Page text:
The South Carolina Legislative Black Caucus hosted its third annual HBCU Day at the state house on Tuesday. The event, which was signed into law by Gov. Henry McMaster in 2022, is celebrated on the third Tuesday of February. Students and government officials gathered to celebrate Black excellence and discuss the unique set of challenges of HBCUs, such as a lack of funding.

“This is a reminder that HBCUs are still strong, HBCUs are still relevant, and HBCUs are still producing Black excellence,” Sen. Deon Tedder said, according to WLTX.

South Carolina is home to eight HBCUs, including Allen University, Benedict College, Claflin University, Clinton College, Denmark Technical College, Morris College, South Carolina State University and Voorhees University.

They produce 4,985 jobs and $5.2 billion in lifetime earnings, according to UNCF.

“I hope they see that we’re here to make a change. We’re here to make a difference,” Morgan Miles, a student at Benedict College, told WLTX about the opportunity to talk to state leaders about students’ experiences and challenges on campus. “We’re confident about the roles that we hold and the power and the value that we know that we hold, and we’re here to make a change.”

Some attendees recognized the event as a unique opportunity to address existing issues such as funding.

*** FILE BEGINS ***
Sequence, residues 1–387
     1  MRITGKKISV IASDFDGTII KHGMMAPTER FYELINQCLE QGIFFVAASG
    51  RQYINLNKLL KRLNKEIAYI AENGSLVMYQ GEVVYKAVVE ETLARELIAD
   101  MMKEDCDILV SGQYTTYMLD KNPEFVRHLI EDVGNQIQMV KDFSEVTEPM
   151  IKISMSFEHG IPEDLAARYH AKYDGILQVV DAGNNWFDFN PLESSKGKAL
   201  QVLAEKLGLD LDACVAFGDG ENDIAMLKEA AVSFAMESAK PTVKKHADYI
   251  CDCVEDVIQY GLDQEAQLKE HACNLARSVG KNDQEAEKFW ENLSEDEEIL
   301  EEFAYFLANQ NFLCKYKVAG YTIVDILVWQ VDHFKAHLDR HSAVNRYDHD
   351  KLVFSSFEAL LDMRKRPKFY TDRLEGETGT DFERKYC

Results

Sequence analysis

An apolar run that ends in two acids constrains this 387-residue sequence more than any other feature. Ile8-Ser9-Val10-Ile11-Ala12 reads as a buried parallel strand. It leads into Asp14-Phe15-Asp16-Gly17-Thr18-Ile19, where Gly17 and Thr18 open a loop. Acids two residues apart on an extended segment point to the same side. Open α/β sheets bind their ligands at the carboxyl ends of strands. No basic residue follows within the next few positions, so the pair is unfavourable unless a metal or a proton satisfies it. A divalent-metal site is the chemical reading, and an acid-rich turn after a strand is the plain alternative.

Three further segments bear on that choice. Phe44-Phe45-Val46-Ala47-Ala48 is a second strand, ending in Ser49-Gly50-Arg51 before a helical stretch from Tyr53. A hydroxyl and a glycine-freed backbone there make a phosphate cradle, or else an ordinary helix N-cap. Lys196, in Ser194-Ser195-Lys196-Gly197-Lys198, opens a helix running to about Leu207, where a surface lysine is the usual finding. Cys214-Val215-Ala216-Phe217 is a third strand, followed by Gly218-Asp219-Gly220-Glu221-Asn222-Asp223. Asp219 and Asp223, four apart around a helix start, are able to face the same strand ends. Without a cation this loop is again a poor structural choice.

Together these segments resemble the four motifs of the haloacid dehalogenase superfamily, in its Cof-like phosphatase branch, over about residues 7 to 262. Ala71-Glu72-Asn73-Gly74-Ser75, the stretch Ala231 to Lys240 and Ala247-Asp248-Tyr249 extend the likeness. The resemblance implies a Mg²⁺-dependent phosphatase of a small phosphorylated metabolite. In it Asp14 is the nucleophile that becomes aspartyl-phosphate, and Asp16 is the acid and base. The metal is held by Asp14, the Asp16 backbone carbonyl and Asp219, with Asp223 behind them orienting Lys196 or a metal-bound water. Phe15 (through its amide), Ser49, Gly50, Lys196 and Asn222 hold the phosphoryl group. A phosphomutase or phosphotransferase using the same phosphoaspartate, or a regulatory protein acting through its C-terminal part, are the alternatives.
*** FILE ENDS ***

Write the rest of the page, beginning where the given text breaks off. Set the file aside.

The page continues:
“We don’t get much opportunities like this where we’re able to come together and voice our opinion and voice what’s on our mind,” Derry Auguste, a student at Morris College, said. 

HBCUs in several states have voiced concerns over a lack of funding. The Legislative Black Caucus of Maryland advocates for the state’s land-grant HBCUs to receive equitable funding, while HBCU alums filed a federal lawsuit over underfunding at Georgia universities.

“We’re hoping that South Carolina will do better,” State Rep. Annie McDaniel said. “Some of our historically Black colleges and universities have challenges, they have challenges housing, they have challenges with the facilities. We’re just going to continue the effort and we’re going to continue to share what is going on those campuses so hopefully we can continue to increase the funding so that those students will have the same types of facility as if they were going to other colleges and universities within the state.”